Max BaumhefnerMay 15 2012 01:10 PM

Hi Matt, We support tiered rates. As you point out, they convey the simple message that the more you use, the more you pay. You're also dead-on that the existing E9 rates are both tiered and time-of-use, providing an incentive to charge off-peak and an incentive to use less. However, for most folks, varying rates by both time of day, season, and by marginal consumption, is simply too complex. Two tiers, times three time-of-use periods = six different prices during the course of the month. Behavioral economists point out that folks need to understand price signals if they are to influence behavior. I applaud your investments in efficiency that keep you in the lower tiers. Unfortunately, not many folks are as energy aware as you are and will require rates that are easier to understand. The existing E9 rates were experimental rates that haven't been modified in about a decade, with the result that the lower-tier off-peak prices do not cover the cost-of-service. In other words, it's not sustainable to provide them to tens of thousands of EV drivers as doing so would result in a subsidy from other customers. Under the new proposal, folks like yourself are grandfathered until 2015, but in the end, the rates need to be updated. The new proposal represents a significant improvement over PG&E's previous proposal (no customer charge, lower prices during all periods, and more off-peak hours on weekends). I'll note that we are working on some lower cost metering solutions to enable folks to move only their cars onto EV rates (which would help you - as you'd be rewarded for keeping your home consumption in the lower tiers of the standard residential rate, but also provide you the opportunity to charge on off-peak prices). Thanks for the comments, Max

jason jungreisMay 15 2012 04:53 PM

Max,

Not much to argue here: you're wrong on this one. 1. The existing model works; 2. There is no behavioral study indicating that the existing model is too complex; 3. You agree with every point but the conclusion. The existing model should stay, plain and simple. You are doing a huge disservice to put NRDC behind a PG&E proposal that misinforms, misdirects, and misapplies basic information. I will definitely be keeping this in mind when time to renew my NRDC membership rolls around.

Max BaumhefnerMay 15 2012 05:17 PM

Hi Jason. I'm afraid keeping the existing model in perpetuity isn't really an option. The Public Utilities Commission won't allow it. Because the lower tier price in the E-9 rate hasn't been increased in over a decade, it's below the cost-of-service, which means other customers (non-EV) customers are subsidizing EV drivers. The Public Utilities Commission won't let that continue, but under PG&E's revised proposal, it'll be phased out. The revised PG&E proposal is significantly better than their original replacement proposal, and is significantly more attractive than the comparable rates of Southern California Edison. Many customers will actually be better off on the new proposed rates than they are on E-9 (because they go into the second tier). As I mentioned to Matt, we are also working on lower-cost metering solutions and other options, which may better meet the needs of customers such as yourself. Hope that helps.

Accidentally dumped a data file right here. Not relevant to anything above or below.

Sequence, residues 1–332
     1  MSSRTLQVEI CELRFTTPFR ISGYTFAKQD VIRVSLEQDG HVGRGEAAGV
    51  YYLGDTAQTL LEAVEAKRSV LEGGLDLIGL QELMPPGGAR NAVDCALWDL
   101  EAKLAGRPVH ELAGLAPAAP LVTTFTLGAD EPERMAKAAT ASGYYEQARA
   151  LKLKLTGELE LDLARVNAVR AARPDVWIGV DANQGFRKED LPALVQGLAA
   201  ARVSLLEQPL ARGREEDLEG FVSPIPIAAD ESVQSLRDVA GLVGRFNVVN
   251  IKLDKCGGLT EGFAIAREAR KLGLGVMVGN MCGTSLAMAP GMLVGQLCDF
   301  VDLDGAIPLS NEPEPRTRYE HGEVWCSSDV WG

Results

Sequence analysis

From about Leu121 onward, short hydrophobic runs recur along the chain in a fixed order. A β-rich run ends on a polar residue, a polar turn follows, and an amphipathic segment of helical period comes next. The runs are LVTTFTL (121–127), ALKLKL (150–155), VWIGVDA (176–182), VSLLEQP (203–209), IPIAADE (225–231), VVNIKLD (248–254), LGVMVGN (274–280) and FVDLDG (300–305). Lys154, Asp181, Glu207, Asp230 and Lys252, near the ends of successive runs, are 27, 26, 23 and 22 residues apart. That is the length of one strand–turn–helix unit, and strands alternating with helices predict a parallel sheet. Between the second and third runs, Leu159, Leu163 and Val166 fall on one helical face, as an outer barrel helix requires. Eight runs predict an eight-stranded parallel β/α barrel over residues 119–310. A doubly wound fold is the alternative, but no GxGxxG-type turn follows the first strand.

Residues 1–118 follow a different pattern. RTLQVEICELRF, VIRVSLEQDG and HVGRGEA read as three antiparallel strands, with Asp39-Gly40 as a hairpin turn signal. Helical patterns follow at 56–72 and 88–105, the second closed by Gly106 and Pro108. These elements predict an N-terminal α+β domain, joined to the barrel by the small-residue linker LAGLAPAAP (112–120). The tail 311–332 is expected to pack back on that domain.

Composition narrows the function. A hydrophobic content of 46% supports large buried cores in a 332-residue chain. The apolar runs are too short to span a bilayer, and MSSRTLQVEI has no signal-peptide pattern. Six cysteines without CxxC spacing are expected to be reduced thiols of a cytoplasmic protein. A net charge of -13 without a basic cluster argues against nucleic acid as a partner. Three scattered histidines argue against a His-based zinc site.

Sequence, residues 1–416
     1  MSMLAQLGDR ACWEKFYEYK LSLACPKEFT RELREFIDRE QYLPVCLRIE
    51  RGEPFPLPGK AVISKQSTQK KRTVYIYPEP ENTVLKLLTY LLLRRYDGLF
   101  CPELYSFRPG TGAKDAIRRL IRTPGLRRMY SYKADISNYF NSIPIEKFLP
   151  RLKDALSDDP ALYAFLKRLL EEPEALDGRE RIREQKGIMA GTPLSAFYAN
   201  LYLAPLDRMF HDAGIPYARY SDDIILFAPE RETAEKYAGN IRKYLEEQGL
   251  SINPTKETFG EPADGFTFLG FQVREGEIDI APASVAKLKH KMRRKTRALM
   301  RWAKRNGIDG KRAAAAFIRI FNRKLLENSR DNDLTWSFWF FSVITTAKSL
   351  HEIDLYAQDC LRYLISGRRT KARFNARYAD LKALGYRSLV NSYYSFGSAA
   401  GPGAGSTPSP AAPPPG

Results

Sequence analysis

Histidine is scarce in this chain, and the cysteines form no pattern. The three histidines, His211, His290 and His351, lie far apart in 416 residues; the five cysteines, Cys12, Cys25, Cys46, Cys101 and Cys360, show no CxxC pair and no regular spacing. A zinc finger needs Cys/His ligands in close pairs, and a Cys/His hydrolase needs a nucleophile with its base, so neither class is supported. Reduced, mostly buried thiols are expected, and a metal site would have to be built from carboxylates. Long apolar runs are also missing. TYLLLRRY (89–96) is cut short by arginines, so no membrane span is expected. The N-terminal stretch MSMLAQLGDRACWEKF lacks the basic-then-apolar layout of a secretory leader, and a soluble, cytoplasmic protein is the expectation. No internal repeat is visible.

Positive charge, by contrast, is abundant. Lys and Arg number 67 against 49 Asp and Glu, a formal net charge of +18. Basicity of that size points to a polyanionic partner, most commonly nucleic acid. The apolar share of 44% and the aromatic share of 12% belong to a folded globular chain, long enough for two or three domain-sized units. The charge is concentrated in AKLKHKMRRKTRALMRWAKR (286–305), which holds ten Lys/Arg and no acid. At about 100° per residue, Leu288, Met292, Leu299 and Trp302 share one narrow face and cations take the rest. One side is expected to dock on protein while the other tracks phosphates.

Jack Lucero FleckMay 17 2012 08:14 PM

Max--One important issue is the minimum charge and meter charge. The current E9 rates charge $11 per month in meter fees and minimum fees. The new proposal has higher hourly rates than the current E9 rates, but the new rate appears to drop the meter fee leaving a $4.43 minimum charge per month for E9A and $1.50 per month for E9B. This would mean that the new rates come out fairly close to the old rates.

However, for those of us with solar panels (about 1/3 or more of EV owners), I'm wondering if this will trigger an additional fee to be added onto the E9A rate.

Can you find out?


Max BaumhefnerMay 17 2012 08:36 PM

Good question. Note: The new proposal doesn't replace or modify the "E9" rates, it lets those continue until 2015, but it adds two new "EV" rates (one separately metered and one whole-home). The proposed whole-home EV rate has no customer charge (whereas the original PG&E proposal had an $8/month charge). It does have a minimum bill amount of $4.43, but that only comes into play if you don't use enough electricity to generate a bill greater than that amount (a feature on all of PG&E's residential rates, meant to recover some fixed costs that don't vary with consumption). The proposed separately-metered rate has no minimum bill amount and no customer charge (whereas the original PG&E proposal had an $8/month charge), though it does have a $1.50/month meter charge (per the PUC policy that customers requiring a second meter should bear those costs). You're right that those customer charges can add up and it's good news that the new proposal has no customer charges.

Jack Lucero FleckMay 18 2012 01:35 AM

Thanks for the response. I take it that your understanding is that there will be no extra charge for my solar panels, even though the meter requires someone to read it every month (i.e. it's not a smart meter since the solar meters run backwards and the "smart" meters aren't smart enough to do that.)

I would be more confident in your answer if your information regarding minimum charges were correct. However, I pay a minimum charge of $11 every month both summer and winter whether I generate a negative bill (summer) or a positve bill greater than $11 (winter). I had hoped that the minimum charge would only apply in the summer, but that's not the way it works.